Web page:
Journal of inorganic biochemistry

Cadmium modulates H-ras expression and caspase-3 apoptotic cell death in breast cancer epithelial MCF-7 cells.

PMID 23376331


Cadmium (Cd) is a well-known metal carcinogen associated with tumor formation and carcinogenesis. It has been shown to induce cancer through various cellular mechanisms involving inhibition of DNA repair, abnormal gene expression, induction of oxidative stress, and triggering apoptosis. It is well-established that the H-ras oncogene is involved in the process of carcinogenesis with direct effects on cellular proliferation and tumorigenesis. Given the biotoxicity of cadmium and its association with carcinogenesis, the effect of that metal ion (Cd(II)) was investigated, in a concentration-dependent fashion, on cell viability, cell proliferation, caspase-3 mediated apoptosis and H-ras gene expression in human breast cancer epithelial MCF-7 cells transfected with the H-ras oncogene (wild type and G12V mutation). The findings show a significant modulation effect of cadmium on H-ras gene expression accompanied by up-regulation of caspase-3-related apoptosis in the concentration range of 100-1000 nΜ cadmium. Concurrently, there is a decrease in MCF-7 proliferation. Collectively, the results a) indicate an interplay of cadmium with H-ras(wt and G12V), with cadmium exhibiting a significant concentration-dependent effect on the modulation of H-ras expression, cell viability and proliferation, and b) project distinctly interwoven roles for both cadmium and H-ras in aberrant physiologies in cancer cells.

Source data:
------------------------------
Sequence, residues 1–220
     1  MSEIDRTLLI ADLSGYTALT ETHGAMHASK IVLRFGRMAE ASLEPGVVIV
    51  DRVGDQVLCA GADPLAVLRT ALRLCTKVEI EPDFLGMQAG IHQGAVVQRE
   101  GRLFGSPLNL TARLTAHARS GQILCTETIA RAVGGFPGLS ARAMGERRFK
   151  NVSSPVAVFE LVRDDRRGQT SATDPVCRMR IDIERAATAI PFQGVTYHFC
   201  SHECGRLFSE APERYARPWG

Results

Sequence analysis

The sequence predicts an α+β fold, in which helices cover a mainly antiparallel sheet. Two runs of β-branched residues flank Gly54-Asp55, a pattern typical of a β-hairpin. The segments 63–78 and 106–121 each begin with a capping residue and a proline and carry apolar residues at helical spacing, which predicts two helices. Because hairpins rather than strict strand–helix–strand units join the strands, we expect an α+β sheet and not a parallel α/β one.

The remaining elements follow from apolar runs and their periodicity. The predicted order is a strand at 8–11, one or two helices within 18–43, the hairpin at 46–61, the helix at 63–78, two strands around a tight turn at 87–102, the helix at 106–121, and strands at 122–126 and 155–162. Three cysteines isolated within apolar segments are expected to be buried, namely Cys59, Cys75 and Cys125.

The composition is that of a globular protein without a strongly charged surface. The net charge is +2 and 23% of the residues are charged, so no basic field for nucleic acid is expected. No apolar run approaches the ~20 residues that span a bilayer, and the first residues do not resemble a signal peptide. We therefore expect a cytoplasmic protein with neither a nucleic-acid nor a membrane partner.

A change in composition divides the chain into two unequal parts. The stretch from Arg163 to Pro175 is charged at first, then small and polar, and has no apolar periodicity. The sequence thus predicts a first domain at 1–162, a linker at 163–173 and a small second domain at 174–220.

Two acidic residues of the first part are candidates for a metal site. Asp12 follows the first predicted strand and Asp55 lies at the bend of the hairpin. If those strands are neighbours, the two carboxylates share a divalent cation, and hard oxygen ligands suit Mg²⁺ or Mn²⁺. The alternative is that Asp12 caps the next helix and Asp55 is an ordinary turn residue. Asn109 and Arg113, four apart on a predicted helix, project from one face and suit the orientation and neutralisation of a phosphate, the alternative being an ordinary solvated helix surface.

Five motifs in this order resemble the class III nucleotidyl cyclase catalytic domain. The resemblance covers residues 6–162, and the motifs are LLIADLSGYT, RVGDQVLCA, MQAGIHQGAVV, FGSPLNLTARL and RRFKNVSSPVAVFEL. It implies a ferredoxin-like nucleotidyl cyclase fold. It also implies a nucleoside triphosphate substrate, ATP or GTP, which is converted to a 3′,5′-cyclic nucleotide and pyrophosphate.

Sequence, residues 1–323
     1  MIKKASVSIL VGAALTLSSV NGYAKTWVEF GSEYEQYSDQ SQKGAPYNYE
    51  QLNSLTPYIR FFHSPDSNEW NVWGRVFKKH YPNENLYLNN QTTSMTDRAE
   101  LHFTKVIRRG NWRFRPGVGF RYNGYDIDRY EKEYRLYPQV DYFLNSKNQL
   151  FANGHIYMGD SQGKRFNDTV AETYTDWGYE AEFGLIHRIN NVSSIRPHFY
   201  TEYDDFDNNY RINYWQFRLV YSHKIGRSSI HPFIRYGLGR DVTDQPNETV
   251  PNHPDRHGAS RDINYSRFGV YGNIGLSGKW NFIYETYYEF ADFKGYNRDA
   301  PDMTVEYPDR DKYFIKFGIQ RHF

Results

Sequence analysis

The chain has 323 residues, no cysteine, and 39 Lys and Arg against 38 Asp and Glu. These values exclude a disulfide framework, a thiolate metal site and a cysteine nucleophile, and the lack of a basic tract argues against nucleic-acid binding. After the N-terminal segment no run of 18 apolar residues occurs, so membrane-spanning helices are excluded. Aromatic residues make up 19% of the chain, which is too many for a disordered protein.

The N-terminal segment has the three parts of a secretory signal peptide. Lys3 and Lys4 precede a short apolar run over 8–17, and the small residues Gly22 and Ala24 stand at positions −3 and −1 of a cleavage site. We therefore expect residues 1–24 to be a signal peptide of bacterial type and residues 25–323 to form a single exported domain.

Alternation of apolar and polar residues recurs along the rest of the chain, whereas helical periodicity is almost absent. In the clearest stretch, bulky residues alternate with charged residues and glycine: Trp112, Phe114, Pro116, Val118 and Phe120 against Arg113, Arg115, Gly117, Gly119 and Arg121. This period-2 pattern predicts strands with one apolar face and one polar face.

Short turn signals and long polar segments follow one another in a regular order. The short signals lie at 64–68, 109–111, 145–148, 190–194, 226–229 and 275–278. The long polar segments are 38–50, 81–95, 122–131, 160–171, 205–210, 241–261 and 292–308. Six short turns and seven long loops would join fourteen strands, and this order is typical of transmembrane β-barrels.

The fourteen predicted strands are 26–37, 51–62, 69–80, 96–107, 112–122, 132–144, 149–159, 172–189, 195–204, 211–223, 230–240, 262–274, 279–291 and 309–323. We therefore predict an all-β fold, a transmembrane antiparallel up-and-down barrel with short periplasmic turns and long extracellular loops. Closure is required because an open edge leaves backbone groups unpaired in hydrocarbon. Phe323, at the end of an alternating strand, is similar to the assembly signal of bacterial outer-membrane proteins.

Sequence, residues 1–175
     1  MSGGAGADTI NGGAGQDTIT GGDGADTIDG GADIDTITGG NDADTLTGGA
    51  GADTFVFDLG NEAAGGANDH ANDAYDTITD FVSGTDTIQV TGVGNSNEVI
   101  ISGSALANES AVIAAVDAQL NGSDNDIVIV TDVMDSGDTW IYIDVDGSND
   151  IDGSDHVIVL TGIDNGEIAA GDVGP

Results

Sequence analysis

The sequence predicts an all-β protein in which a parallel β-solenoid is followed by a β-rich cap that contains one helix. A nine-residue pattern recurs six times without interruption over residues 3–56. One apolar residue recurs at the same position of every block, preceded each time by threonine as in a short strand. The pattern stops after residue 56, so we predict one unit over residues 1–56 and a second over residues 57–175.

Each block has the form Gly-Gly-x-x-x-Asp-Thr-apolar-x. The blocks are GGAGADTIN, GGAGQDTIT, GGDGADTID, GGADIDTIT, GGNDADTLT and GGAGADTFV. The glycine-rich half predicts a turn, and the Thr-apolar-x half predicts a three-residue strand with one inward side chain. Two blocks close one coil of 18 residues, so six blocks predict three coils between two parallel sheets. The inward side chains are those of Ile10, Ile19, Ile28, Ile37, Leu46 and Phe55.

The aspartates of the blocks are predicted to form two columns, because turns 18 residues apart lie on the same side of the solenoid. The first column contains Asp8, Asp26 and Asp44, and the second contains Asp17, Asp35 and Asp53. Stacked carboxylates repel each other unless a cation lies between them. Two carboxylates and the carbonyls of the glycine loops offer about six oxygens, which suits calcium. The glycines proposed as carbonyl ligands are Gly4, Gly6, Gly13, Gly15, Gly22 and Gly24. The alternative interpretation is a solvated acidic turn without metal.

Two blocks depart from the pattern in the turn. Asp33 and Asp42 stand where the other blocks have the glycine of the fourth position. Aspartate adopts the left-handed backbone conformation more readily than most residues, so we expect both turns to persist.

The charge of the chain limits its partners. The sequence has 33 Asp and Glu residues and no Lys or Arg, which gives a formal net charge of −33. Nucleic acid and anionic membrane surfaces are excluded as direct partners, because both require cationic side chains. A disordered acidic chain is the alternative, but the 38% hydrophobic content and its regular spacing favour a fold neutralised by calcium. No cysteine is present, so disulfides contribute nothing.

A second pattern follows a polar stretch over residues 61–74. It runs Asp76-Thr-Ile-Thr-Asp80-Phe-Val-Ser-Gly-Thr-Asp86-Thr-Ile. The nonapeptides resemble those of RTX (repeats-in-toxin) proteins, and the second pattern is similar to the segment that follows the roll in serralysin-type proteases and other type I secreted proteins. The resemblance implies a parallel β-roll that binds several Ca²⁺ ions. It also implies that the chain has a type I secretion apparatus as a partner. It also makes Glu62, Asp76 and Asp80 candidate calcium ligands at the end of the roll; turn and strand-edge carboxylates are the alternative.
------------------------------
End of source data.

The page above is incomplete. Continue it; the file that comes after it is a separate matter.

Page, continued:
Related Materials

Product #



Molecular Formula

Add to Cart

Cadmium chloride 0.1 M solution